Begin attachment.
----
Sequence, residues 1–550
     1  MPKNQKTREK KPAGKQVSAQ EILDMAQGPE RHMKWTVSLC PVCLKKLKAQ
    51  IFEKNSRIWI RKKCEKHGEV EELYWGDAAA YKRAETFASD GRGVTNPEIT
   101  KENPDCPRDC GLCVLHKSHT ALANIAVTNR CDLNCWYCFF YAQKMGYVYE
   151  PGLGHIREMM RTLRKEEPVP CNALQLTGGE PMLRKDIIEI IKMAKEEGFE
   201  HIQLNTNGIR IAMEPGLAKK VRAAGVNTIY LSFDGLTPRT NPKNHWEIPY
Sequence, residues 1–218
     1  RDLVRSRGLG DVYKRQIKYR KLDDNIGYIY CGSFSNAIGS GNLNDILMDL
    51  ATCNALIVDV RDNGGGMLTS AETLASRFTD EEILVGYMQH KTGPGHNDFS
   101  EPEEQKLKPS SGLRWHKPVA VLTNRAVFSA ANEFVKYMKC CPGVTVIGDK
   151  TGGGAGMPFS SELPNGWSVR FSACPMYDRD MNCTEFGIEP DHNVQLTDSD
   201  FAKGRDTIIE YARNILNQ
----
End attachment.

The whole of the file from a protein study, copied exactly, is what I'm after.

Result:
Sequence, residues 1–550
     1  MPKNQKTREK KPAGKQVSAQ EILDMAQGPE RHMKWTVSLC PVCLKKLKAQ
    51  IFEKNSRIWI RKKCEKHGEV EELYWGDAAA YKRAETFASD GRGVTNPEIT
   101  KENPDCPRDC GLCVLHKSHT ALANIAVTNR CDLNCWYCFF YAQKMGYVYE
   151  PGLGHIREMM RTLRKEEPVP CNALQLTGGE PMLRKDIIEI IKMAKEEGFE
   201  HIQLNTNGIR IAMEPGLAKK VRAAGVNTIY LSFDGLTPRT NPKNHWEIPY
Sequence, residues 1–218
     1  RDLVRSRGLG DVYKRQIKYR KLDDNIGYIY CGSFSNAIGS GNLNDILMDL
    51  ATCNALIVDV RDNGGGMLTS AETLASRFTD EEILVGYMQH KTGPGHNDFS
   101  EPEEQKLKPS SGLRWHKPVA VLTNRAVFSA ANEFVKYMKC CPGVTVIGDK
   151  TGGGAGMPFS SELPNGWSVR FSACPMYDRD MNCTEFGIEP DHNVQLTDSD
   201  FAKGRDTIIE YARNILNQ